Perhaps most familiar from his work in Blue Heelers, The Reef, and as the host of Channel Seven’s Crash Investigation Unit, Australian actor Damian Walshe-Howling is also a veteran of the stage, and he’s about to sink his teeth into one of most notorious American plays of all time – David Mamet’s towering Glengarry Glen Ross.
“When Kate (Cherry, director of this production and artistic director of Black Swan State Theatre Company) called me last year and said, do you want to do Glengarry, I nearly fell over.” Damian Walshe-Howling says. Glengarry Glen Ross is undoubtedly Mamet’s most famous work. The play, which uncovers the foibles and insecurities if an office full of blustering, macho real estate salesmen with remorseless clarity, won the Pulitzer in 1984 and was later adapted to the screen by James Foley. It’s a tremendous work – and a somewhat intimidating one, given the long shadow of its reputation. “I think as a play…” he trails off as he plumbs his memory for his first experience of Glengarry Glen Ross.
“As a movie it was back in the ’90s, probably the early ’90s. I only saw the film once, years and years ago – I remember it pretty well. I remember it being a really dynamic piece of writing. Then in the late ’90s, 1999, I studied in New York at the Atlantic Theatre Company, which is (David) Mamet and (William H.) Macy’s theatre school which they started in the ’80s – about the time that he wrote this, actually. We were reading playwrights from all over America but we were obviously reading a lot of Mamet because the school is very dedicated to his way of working. There were two plays that I discovered at that point: this and a John Patrick Shanley play called Danny And The Deep Blue Sea, which was a great piece of writing. So, around that time I was getting interested in a great deal of American theatre and I read a lot of Mamet, and this one really stuck out.”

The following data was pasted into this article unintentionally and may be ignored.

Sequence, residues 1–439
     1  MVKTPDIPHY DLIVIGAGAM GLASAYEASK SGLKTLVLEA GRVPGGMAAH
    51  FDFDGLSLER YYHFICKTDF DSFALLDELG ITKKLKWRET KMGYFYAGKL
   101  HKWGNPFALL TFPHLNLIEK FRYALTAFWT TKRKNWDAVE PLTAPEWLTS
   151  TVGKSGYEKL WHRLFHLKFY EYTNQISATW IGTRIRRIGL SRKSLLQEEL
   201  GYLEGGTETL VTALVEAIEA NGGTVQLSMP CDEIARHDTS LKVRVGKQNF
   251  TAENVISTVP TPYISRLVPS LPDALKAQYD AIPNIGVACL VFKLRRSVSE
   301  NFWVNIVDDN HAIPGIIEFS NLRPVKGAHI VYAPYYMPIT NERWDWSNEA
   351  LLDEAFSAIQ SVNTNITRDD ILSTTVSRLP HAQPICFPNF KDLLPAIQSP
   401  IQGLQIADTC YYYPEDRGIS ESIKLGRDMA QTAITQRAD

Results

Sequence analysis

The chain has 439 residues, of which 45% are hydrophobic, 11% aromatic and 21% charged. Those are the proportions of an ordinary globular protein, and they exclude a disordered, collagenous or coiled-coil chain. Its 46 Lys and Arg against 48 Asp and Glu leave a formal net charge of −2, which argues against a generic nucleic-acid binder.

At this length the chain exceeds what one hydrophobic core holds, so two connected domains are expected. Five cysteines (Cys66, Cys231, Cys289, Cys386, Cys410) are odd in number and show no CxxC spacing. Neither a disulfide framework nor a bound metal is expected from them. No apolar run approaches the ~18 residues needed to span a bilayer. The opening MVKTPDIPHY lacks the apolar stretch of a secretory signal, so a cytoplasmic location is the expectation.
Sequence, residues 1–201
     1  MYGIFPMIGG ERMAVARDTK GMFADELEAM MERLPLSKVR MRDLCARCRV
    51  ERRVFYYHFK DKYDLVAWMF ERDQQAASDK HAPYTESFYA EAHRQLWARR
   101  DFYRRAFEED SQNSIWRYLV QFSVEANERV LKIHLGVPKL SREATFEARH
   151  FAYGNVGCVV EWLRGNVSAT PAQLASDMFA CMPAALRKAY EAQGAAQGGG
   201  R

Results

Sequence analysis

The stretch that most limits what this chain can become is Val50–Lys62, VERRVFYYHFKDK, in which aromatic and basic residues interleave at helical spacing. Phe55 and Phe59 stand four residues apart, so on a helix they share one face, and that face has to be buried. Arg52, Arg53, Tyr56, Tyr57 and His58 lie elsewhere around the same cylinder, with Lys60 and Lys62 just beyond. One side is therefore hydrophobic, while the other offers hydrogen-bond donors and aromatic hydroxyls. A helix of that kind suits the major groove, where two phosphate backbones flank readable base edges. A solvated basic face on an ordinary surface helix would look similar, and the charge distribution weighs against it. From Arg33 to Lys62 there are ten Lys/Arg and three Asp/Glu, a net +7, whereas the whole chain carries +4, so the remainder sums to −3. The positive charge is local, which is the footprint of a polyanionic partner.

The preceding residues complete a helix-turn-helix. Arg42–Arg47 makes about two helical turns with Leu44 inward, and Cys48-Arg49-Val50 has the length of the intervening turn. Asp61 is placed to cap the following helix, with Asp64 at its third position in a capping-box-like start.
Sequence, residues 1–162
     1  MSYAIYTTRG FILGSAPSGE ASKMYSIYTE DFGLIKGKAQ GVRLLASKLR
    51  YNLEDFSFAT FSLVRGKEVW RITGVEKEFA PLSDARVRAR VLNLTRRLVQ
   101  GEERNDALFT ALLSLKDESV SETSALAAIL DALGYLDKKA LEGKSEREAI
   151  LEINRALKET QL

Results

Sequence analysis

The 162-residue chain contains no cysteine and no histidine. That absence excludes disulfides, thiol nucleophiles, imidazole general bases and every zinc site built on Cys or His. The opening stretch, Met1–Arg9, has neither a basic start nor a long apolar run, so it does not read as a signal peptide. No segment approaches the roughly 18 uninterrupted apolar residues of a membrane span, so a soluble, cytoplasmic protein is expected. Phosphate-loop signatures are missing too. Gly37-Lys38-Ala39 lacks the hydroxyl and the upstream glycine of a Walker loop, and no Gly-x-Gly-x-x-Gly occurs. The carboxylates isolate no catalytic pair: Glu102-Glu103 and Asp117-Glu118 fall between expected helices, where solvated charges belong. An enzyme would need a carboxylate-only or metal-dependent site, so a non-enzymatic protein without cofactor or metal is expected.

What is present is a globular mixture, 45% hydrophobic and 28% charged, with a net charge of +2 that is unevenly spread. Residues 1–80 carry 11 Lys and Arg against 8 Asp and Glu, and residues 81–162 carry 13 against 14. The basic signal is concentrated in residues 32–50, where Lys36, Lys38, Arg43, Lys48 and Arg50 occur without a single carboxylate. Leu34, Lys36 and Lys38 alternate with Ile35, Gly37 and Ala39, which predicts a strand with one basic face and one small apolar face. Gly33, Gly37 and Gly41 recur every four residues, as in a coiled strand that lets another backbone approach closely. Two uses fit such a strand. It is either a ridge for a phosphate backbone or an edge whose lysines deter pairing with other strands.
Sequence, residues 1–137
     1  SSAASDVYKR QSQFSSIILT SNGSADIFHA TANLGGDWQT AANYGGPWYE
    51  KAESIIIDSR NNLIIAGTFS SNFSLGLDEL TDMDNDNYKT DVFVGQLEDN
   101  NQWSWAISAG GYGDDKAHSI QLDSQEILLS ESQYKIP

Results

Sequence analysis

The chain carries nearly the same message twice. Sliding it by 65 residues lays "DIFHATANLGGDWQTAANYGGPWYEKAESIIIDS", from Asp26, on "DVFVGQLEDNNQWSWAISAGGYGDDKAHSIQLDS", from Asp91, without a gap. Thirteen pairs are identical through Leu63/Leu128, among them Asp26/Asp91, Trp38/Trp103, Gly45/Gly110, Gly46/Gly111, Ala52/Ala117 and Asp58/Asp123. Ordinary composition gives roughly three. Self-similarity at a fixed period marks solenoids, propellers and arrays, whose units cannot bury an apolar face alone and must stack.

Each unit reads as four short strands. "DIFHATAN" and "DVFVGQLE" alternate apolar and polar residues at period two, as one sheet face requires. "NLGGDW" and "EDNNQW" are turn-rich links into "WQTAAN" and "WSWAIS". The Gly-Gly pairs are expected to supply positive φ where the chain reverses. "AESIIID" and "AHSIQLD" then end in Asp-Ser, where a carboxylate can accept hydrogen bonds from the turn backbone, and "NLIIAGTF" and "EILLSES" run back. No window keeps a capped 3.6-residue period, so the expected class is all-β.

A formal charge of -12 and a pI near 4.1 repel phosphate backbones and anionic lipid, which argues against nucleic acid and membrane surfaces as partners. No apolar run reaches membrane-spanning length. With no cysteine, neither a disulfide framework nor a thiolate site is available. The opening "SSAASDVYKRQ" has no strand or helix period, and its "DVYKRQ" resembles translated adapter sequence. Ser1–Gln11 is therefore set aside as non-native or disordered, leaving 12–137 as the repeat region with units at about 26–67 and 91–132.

Walshe-Howling’s experience at the Atlantic left him with a high opinion of Mamet as an artist, although he allows that the famed playwright is a fractious figure. “I think he’s a highly intelligent person, intellectually and emotionally – I think he has an incredible balance of those two things. I think he’s someone who famously has struggled with his own emotional life in a way, but I think he, like a lot of people who struggle with their emotions, has a lot of sensitivity. I think the play, it’s all about this high octane world that people like to call masculine, but I always think to myself ‘What the fuck is masculine?’
It’s all about survival really, and all that aggression, when it comes out, it has to be based on vulnerability, it has to be based on what these guys have to lose. If they had nothing to lose, they wouldn’t be fighting for anything. So I think there’s a lot of vulnerability in the show and, even though it’s not outwardly expressed, it’s there.”
Glengarry Glen Ross runs at the State Theatre Centre from May 23 – June 14. For tickets and session times, go to bsstc.com.au.